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With The Gods Of My Parents, Dimeji charts path to new Nigeria

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Sodeke Dimeji’s The Gods of my Parents, a novel, is an exposé on Nigeria’s disrupted state of religious, cultural and societal make-believe with viable propositions to achieving the desired change.

The author shows his patriotic zeal for the country in five chapters, weaving through the need for youths to take up leadership mandate by using an organised revolutionary system of ‘unity in diversity’.

Bayo Ojuoba, the novel’s protagonist, raised by a single mother, cannot recollect his father’s identity, having left for America when the boy was three. While zeroing on Bayo, the novel highlights plight of single mothers, as the protagonist’s mum faces the herculean task of bringing up her son in acceptable manner.

His mother, who makes him forgo a rap music career for a nobler profession, says to him, “…Black people have been tagged intellectually lazy. Look around you my son; the white man has made life easier. Rather for a black man to think outside the box, he wants to be sport man or musician.”

As Bayo becomes older, he begins to notice the anomalies in power, law, education and the country’s philosophy as they only benefit few privileged people in power. Having identified the obvious challenges, Bayo becomes open-minded and resolves to champion a new course of change.

It is on this path that he meets his love, Nkechi Augustina Offoma, with whom he shares similar ideologies and culture despite their different ethnic group.

Bayo’s mother frowns at the union between Bayo and Nkechi, initially, but fate has a way of bringing them together as a result of the latter’s scary dream.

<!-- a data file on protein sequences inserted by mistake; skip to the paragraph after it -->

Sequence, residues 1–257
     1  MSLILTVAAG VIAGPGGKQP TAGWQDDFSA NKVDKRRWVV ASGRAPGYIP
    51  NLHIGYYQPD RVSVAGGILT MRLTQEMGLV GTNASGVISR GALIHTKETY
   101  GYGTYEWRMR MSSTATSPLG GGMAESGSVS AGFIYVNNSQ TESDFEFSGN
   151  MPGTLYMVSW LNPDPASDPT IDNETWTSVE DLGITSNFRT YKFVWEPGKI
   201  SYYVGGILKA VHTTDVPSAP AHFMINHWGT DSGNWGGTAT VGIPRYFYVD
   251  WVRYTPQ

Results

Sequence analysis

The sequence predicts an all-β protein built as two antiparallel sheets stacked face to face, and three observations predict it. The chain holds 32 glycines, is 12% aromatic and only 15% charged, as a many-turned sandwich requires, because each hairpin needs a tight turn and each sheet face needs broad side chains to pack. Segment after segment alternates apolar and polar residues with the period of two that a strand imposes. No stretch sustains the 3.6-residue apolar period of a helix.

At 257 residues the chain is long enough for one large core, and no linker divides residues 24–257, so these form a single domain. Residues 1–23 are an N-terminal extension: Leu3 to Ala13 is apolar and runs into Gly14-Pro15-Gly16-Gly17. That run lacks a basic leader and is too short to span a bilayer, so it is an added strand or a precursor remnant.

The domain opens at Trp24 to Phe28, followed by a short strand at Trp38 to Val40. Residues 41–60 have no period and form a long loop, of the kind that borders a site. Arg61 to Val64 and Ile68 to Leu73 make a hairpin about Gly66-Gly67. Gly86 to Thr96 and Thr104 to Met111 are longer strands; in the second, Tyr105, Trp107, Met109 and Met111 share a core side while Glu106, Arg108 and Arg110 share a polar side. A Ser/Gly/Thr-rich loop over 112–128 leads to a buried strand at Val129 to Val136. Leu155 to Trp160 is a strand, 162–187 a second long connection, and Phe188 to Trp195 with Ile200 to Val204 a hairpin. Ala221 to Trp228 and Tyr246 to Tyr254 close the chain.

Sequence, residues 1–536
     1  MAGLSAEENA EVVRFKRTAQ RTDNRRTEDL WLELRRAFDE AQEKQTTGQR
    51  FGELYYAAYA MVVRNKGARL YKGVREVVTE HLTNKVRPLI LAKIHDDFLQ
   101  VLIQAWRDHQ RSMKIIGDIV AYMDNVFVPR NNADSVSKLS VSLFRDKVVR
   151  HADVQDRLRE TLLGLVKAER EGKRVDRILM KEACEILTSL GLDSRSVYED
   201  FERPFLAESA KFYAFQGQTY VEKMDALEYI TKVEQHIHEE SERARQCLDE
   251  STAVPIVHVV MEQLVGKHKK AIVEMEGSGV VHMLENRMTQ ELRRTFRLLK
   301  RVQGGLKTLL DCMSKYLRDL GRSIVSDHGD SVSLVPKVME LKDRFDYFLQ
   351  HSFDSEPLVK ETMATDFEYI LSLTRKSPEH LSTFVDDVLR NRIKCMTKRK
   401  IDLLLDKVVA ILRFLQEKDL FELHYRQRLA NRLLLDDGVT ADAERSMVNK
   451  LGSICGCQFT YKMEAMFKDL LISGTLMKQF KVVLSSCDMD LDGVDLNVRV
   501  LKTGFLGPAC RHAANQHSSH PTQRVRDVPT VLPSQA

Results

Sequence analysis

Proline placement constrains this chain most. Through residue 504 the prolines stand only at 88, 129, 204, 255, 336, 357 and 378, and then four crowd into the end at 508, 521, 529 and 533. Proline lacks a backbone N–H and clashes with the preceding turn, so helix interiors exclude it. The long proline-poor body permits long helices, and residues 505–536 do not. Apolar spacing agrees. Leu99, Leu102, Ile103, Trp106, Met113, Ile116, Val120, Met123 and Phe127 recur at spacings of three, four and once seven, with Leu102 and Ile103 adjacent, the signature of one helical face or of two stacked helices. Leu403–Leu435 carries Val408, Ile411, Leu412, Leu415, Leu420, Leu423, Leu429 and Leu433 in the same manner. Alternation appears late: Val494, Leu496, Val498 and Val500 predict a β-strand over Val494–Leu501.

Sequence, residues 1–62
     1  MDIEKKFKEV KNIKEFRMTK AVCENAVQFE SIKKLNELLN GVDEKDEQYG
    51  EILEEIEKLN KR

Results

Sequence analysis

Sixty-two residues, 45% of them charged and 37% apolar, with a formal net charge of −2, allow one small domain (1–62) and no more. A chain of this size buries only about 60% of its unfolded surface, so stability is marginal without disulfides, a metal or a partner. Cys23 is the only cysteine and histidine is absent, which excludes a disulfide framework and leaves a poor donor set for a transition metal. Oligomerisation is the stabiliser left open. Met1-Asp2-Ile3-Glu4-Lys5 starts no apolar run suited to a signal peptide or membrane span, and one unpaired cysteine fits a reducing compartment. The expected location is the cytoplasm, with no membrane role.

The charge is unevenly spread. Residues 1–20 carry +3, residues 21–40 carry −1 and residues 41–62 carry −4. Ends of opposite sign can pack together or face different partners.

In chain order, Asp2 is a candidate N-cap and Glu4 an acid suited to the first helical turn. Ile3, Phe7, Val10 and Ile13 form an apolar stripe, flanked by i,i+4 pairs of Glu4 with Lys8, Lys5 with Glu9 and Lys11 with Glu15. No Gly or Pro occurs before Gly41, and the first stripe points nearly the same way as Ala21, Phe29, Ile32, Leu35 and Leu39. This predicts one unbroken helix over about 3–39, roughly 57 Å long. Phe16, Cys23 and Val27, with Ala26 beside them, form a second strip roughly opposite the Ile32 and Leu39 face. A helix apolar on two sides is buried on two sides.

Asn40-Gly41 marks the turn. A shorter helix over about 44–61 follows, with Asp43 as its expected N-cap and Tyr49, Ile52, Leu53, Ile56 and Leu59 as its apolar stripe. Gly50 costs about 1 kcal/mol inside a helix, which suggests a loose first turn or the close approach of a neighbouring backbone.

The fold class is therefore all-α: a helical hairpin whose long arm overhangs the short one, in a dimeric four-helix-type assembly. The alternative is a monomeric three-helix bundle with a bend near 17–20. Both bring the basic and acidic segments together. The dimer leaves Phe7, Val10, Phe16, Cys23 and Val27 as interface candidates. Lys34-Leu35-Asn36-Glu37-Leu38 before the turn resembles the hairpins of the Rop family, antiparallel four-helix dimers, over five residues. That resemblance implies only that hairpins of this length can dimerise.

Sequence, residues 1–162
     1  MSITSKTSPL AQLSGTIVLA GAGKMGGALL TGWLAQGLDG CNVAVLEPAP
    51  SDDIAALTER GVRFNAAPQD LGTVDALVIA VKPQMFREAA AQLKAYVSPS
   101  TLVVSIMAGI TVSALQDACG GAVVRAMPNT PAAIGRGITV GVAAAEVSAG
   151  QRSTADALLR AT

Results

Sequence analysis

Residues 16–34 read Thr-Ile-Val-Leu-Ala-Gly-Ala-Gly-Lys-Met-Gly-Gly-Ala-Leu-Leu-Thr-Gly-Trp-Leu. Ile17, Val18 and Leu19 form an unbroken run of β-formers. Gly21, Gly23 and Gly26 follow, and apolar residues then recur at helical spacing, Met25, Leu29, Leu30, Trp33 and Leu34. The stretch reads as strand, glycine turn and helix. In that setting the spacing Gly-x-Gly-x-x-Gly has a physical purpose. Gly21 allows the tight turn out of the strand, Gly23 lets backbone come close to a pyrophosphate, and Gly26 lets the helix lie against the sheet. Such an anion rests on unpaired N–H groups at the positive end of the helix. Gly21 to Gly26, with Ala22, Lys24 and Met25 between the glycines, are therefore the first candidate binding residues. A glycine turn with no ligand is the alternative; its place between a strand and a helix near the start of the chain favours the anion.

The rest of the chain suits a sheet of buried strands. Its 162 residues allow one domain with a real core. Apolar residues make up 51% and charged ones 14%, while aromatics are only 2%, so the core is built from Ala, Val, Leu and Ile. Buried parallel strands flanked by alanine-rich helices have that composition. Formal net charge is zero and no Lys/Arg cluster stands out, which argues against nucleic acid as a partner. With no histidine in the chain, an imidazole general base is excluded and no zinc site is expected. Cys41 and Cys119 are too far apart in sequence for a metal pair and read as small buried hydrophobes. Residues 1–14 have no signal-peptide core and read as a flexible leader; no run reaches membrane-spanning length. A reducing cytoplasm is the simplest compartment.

The author in chapter two, titled, My School, takes the reader on a journey to Bayo’s campus experience, where his ability to start a revolutionary movement, Conglomerate of Intelligent Africans (CIA), is shown.

My Conglomerate, the third chapter, is a longer narration on CIA’s mission and vision. CIA is a clique of cerebral students, who understand the ugly Nigerian solution and believe that action speaks louder than words. It represents an idea to pursue what is just by a group of students who love to analyse societal issues and discuss them constructively.

During a discussion on corrupt leadership and what could be done to address the issue of corruption, Bosun, the more radical among the student activists, declares, “I have a dream where my fathers’ gods will be used to swear in political leaders and with that they can fear the consequences of going against their oath.”

The idea, which is conceived by the movement, becomes useful for the country. The movement also grows to become societal watchdog and justice restorer of the country. Just like Moses leading the Israelites out of Egyptian captivity, Bayo, fondly called the Black Moses, is determined to infuse black consciousness and give the leadership flag to the selfless, who will unburden the people.

In My Fate, the novel’s chapter four, shockingly leads Bayo to his ancestral home where he discovers the dark religious history of his people of Oba. Through a strong self will, he advocates, the God, which his mother has taught him as being more reliable and trustworthy.

While emphasising the place of religion in a man’s life, the author stresses love, unity in diversity and revolution as weapons of the warfare for a new Nigeria. He reveals that only collective effort and interest of youths in the polity can bring the desired change.

Written in simple language, with few typographical errors, The Gods of My Parents challenges Africans to be less reliant on the West and embrace their own heritage.


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